Scottish National Dictionary (1700–)
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First published 1952 (SND Vol. III). Includes material from the 1976 supplement.
CRUISIE, CRU(I)ZIE, CRUSIE, Crus(e)y, Creuzie, Croozie, Croosie, Cruizey, Craizy, Cru(i)se, n. Sometimes used attrib. with lamp. [′krø:zi, ′kru:zi Sc., but Fif., Ayr. + ′kre:zi, w.Per. ′kri:zi. See E, letter.]
1. An old-fashioned iron lamp with a rush wick, formed of two boat-shaped bowls placed one above the other and attached to a bar suspended from a nail in the wall. The fish-oil dripped from the smaller bowl into the larger (Cai.4 c.1920, crusie-lamp; Abd. 1900 A. Paterson in Bnffsh. Jnl. (19 June) 3, cruisie; Ags. 1848 W. Gardiner Flora of Frf. 182, crusey). Sometimes pieces of moleskin formed the wick (Ayr.4 1928, cruise, cruisie, craizy). Gen.Sc., obsol.Sc. 1821 Scott Pirate xvii.:
A pint o't wad be worth siller, to light the cruse in the lang dark nights.Sc. 1892 Blackwood's Mag. (Oct.) 487:
The croosie . . . a triangular metal saucer with an upright hook at the base to be hung by.Ork. c.1912 J. Omond Ork. 80 Years Ago 20:
Thrashing in the barn with flails by the light of the cruizie, or in some cases candles.Ags. 1899 J. M. Barrie W. in Thrums xi.:
I've seen them climbin' on the new steadin', crawlin' alang the rafters haudin' their cruizey lamps afore them.Fif. 1864 W. D. Latto T. Bodkin vii.:
My mither had agreed wi' him to place the cruzie in the gavel winnock to guide him through the mire.Edb. 1851 A. Maclagan Sk. Nature 231:
The ingle cheek is bleezin' bricht, The croozie sheds a cheerfu' licht.Kcb. 1885 A. J. Armstrong Friend and Foe 24:
She lighted a fresh cruisie, and soon disappeared from the kitchen to fish from . . . an oaken cupboard “a sonsie tappit hen.”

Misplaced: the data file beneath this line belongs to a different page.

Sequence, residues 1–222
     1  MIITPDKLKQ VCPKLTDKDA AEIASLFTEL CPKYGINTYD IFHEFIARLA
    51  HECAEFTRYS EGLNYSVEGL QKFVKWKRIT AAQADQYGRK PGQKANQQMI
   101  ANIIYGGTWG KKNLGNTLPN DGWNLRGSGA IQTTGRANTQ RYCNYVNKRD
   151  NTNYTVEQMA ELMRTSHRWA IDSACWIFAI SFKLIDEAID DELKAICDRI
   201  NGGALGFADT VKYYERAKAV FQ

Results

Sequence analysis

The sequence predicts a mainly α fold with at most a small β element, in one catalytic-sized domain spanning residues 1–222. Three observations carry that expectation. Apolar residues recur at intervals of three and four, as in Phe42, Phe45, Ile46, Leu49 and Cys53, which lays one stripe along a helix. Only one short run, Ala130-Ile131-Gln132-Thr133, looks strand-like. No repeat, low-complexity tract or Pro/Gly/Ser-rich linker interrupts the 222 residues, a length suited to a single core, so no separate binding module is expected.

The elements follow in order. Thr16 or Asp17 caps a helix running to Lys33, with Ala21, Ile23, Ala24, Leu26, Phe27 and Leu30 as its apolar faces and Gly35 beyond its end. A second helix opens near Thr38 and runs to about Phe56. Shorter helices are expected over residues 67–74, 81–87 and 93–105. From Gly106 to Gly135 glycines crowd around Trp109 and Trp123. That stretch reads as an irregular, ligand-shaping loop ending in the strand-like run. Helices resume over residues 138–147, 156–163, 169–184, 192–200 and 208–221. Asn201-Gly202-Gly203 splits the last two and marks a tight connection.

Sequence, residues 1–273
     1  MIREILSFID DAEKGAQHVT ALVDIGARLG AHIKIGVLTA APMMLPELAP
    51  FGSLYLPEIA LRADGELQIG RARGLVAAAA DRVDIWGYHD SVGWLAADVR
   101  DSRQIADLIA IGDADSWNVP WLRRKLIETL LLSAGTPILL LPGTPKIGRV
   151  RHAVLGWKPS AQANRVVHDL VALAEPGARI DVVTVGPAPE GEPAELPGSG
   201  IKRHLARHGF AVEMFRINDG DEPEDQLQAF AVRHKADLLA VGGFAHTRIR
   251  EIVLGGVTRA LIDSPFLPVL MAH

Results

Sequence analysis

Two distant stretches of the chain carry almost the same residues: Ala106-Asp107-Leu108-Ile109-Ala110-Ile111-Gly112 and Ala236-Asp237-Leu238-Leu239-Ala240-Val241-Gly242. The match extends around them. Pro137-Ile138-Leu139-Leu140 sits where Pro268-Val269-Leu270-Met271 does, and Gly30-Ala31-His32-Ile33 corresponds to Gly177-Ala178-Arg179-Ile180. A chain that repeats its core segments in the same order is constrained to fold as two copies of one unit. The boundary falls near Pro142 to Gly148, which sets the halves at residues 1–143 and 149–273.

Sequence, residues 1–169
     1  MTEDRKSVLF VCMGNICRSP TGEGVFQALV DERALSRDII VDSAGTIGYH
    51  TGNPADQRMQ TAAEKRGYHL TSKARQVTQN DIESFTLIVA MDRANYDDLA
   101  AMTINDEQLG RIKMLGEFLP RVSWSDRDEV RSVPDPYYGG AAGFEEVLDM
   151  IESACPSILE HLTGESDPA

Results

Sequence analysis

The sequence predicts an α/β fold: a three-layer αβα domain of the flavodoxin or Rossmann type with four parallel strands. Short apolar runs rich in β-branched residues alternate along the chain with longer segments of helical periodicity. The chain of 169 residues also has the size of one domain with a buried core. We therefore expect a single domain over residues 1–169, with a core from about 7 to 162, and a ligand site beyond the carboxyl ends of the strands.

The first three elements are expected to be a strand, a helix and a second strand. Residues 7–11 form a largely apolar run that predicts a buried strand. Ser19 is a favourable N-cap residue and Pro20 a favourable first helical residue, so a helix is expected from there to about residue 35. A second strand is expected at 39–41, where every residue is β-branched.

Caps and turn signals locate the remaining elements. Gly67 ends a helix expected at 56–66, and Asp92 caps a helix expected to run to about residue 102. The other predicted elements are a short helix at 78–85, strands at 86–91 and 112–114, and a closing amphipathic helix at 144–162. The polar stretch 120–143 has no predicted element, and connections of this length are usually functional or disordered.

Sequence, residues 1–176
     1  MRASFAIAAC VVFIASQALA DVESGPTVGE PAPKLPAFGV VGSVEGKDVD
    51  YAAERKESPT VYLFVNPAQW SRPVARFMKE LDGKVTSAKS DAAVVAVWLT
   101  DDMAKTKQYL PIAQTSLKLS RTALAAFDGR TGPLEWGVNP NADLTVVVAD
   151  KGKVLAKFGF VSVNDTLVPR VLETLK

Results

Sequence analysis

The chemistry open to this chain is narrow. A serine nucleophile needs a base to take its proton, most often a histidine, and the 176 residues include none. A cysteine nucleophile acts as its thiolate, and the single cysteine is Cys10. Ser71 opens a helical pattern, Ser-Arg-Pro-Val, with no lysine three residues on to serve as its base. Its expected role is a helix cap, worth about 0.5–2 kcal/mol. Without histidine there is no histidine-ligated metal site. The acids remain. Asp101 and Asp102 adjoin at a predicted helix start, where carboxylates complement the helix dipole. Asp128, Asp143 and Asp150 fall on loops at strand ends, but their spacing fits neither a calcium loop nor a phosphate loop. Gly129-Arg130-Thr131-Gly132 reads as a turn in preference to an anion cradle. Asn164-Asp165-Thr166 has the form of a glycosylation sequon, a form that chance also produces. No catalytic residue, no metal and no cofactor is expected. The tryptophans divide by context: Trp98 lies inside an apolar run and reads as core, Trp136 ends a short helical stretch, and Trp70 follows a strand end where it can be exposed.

2. †(1) “A sort of triangular candlestick made of iron, with one or more sockets for holding the candle, with the edges turned up on all three sides” (Dmf. 1825 Jam.2, crusie, crusy).
(2) “A stand with three legs upholding a lamp” (Dmf. 1894 J. Shaw in Trans. Dmf. and Gall. Antiq. Soc. 144).
(3) (See quot.)Bnff. 1920 J. Taylor Cabrach Feerings 63:
Light [for poaching salmon] was given by a “cruisie,” an iron basket in which “knabs,” resinous fir roots dug out of the moss, were burned.
†3. “A crucible, or hollow piece of iron used for melting metals” (s.Sc. 1825 Jam.2); “a long ladle for melting lead in. The lead was poured out of it into moulds or caulms for shot when country people had assembled for the purpose of shooting for a pig, the best shots securing the best parts of the animal” (Dmf. 1894 J. Shaw in Trans. Dmf. and Gall. Antiq. Soc. 144, creuzie).[O.Sc. has crusie, crusy, cruizie, a form of lamp or candleholder, from 1501; also variant cruise, from 1582 (D.O.S.T.); O.Fr. croiset, creuset, a crucible (Cotgrave), variant of older croiseul, a kind of lamp, a crucible, from Mid.Du. kruysel, M.L.Ger. krusel, a hanging lamp. Earlier origin obscure: ? from M.L.Ger. krûs, a vessel, cup, pot, cruse, or Late Lat. crucibulum, a lamp, crucible.]
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"Cruisie n.". Dictionary of the Scots Language. 2004. Scottish Language Dictionaries Ltd. Accessed 23 May 2022 <http://www.dsl.ac.uk/entry/snd/cruisie>